I always try to avoid using "between-series" adapters - there are so many out there with questionable quality. Sometimes these adapters are just the "necessary evil". In an attempt to reduce the need for adapters, I built 3 different reflection bridges for my N2PK VNA - BNC, SMA and Type-N.
From a mechanical point of view, mating a bridge directly onto 2 fixed distance ports presents a challenge - the connectors must be aligned perfectly. These are precision connectors and even the smallest misalignment will cause stress to the pin/receptacle, uneven wear and possibly damage. Using Type-N flange connectors on the reflection bridge will form too rigid junction and they are difficult to install with such great precision. On the other hand I prefer somewhat rigid connection and don't want to use flexible coax as it introduces phase instability when bent or twisted. A few tenths of the millimeter lateral "play" in the connectors will be enough to take care of small misalignment.
To build the Type-N bridge I used a pair of male Type-N connectors (solder type, Digikey p/n ACX1132-ND) on ~3 cm pieces of semi-rigid coax (RG-402 - solid copper tube shield, not the hand-conformable type). The coax is inserted in a brass tube (very slightly larger than the diameter of the coax, 2.1 cm length, K&S Engineering 3/16 x .014 Stock #129) that goes thru the wall of the aluminum enclosure and it is soldered inside to a brass plate. A second, larger diameter brass tube (2 cm length, K&S Engineering 7/32 Stcok #130) goes over the small diameter tube but does not go thru the wall. The small diameter tube provides stress-relief on pull action, as one end of the RG-402 is soldered to it. The larger diameter brass tube goes over the solder collar in the base of the male Type-N connector and it is compressed between the enclosure and connector, providing stress-relief on push action.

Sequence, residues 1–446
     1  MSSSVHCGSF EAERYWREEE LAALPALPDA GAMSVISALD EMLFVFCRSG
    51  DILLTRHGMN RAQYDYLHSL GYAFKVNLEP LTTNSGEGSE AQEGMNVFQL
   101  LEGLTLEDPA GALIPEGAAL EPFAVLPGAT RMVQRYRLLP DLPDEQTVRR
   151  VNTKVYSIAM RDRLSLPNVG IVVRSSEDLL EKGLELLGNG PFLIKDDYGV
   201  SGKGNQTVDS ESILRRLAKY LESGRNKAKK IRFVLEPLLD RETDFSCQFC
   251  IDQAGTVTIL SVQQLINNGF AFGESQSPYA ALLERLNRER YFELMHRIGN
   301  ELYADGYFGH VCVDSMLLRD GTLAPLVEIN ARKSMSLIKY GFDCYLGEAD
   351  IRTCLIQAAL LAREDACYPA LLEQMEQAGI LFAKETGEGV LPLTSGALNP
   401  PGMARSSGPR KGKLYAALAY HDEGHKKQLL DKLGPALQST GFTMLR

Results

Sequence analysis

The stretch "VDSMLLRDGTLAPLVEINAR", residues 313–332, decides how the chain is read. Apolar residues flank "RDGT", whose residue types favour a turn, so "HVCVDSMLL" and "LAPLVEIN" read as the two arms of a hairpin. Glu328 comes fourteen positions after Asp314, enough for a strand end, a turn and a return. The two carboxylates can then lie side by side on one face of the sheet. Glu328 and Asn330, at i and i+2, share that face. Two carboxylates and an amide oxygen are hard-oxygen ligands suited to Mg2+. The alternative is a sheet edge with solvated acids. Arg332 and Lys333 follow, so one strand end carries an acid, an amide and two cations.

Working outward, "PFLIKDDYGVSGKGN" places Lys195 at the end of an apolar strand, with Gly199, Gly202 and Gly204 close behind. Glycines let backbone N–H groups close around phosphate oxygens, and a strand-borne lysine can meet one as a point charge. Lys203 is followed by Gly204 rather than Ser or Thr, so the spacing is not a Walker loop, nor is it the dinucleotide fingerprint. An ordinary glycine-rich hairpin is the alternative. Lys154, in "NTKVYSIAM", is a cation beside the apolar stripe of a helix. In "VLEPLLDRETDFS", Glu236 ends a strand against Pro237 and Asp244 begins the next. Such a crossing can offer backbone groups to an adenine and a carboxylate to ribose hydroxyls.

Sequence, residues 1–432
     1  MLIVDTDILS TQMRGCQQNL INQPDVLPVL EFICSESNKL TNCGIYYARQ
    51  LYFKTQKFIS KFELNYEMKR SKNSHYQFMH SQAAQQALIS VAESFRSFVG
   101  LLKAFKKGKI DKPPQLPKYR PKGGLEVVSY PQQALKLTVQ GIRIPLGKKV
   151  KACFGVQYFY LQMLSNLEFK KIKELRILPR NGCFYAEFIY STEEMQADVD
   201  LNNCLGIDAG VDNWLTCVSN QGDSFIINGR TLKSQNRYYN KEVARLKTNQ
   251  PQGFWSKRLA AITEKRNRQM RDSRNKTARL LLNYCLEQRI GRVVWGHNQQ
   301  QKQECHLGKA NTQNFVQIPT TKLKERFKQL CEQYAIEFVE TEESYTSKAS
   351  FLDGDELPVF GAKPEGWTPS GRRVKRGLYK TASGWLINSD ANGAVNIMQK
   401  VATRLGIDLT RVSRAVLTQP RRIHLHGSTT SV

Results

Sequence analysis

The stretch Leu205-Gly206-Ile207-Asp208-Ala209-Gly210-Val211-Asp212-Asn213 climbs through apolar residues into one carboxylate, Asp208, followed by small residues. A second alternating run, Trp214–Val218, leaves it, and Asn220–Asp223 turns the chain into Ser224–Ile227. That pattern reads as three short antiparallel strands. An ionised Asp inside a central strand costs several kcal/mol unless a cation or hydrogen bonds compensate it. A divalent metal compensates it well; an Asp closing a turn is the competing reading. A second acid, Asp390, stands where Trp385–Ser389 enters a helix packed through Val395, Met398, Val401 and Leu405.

The whole assembly might be a little over-engineered but it is very sturdy and gives me the few tenths of millimeter lateral flexibility at the connector end without being too flexible. It, also protects the RG-402 from accidental permanent bending and damage.
The small diameter brass tube goes thru the wall and together with the protruding copper shield of the RG-402 coax is soldered to a brass plate and the PCB's ground plane. It is critical that the holes in the aluminum enclosure are just big enough for the small diameter brass tube to be inserted with no "play"as the flexibility needs to come from the exposed length of the brass tube. An SMA connector is installed for the DDS source termination (needed for improved low frequency measurements).
Heat-shrink tubing color-coded the IN and OUT of the reflection bridge. For the DUT port I installed a high-quality Amphenol 131-445 / HP-Agilent #1250-1404 female Type N connector. This instrument grade connector has a SMA(f) on the back. A corresponding SMA(m) with really short pigtail (~4-5 mm) was used for connection to the bridge. I had to make a cut-out in the PCB to accommodate the SMAs.
Because of the custom Type-N connectors, I was able to fit the bridge in a lower profile enclosure - same type I used for my RF-IV sensors - Bud Industries CN-5701 (Digikey p/n 377-1512-ND)